Fear of inadequate protection of personal data has compelled 50% of consumers in the USA to either avoid or abandon doing business with companies, according to a new Accenture survey of US consumers and businesses.
The survey, which examined consumer and business views about privacy, trust, and access to personal data, revealed a noticeable gap between business and consumers on these topics. This finding may be due in part to another key finding: that businesses and consumers have very different ideas about what engenders, and what undermines, trust.
Who trusts who?
Accenture found that consumers' actions regarding personal data are not always consistent with their stated beliefs about data privacy issues. In general, they trust their employers, banks, and HMO/health insurance providers the most with their private information, while trusting online retailers and supermarkets the least.
Interestingly, consumers overestimated the amount of personal information that companies are permitted to collect about them, while businesses acknowledged collecting some consumer data to which they believe they are not entitled.
"In an age where technology links people, devices, objects, companies and information systems in a global network, there are profound privacy and trust implications," said Accenture chief scientist, Glover Ferguson. "In many cases businesses respond to this kind of rapid change reactively, contributing to this chasm of trust. Companies must take a new approach to privacy, not focusing merely on compliance with privacy laws but also on building trusted relationships with customers."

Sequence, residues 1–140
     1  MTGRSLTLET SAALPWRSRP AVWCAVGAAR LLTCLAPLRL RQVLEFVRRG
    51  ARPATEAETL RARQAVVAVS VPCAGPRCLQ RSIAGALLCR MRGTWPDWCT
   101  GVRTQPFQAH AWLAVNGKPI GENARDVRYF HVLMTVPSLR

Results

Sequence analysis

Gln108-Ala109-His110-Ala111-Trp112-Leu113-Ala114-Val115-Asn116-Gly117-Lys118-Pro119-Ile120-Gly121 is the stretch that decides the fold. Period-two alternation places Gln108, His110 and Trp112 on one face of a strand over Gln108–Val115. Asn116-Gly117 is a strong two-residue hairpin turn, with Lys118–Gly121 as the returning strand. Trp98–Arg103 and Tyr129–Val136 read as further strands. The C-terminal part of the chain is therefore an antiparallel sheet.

The trust gap between businesses and consumers was reflected in a number of areas, including the question of what undermines trust. For example, 74% of businesses blamed online security fears for compromising consumer trust, while 67% of consumers cited aggressive marketing as the factor that undermines their trust in a business.
Businesses and consumers also have differing ideas about what engenders trust. Business respondents most frequently (43%) cited positive customer service as most instrumental in positively influencing trust, while nearly two-thirds (62%) of consumers said that trust most often results from either a company's reputation or the length of their relationship with it.
"This discrepancy points to a need for companies to better educate consumers about the kind of information collected, and why," warned Ferguson. "Most consumers said they would be more trusting if companies were more forthcoming about how they use personal data."
Actions louder than words
The survey also highlighted inconsistencies between consumers' beliefs and their actions regarding personal data and trust. For instance, although nearly two-thirds (63%) said they worry that sharing personal information would result in unsolicited e-mail and telephone calls, a greater proportion (69%) said they would be willing to surrender personal information in exchange for rewards such as cash, convenience, or bonus points.
"Companies must address these very legitimate concerns, as the issue of privacy and trust will continue to grow in importance, particularly with the emergence of radio frequency identification (RFID) and other technologies," explained Ferguson. "These technologies have raised concerns among some consumers who think they can be used to eavesdrop."
But, on the other hand, Ferguson also highlights the danger of businesses not maximising the insight gained from customer data and new technologies. "Rather than posing a hurdle to overcome, companies should instead view their customers' privacy needs as an opportunity through which they can differentiate themselves as trust leaders, and increase their financial value."
Accenture conducted the online survey in November 2003. Of the 570 respondents, 347 were consumers and 223 were privacy officers, marketing executives, or customer relationship management (CRM) executives.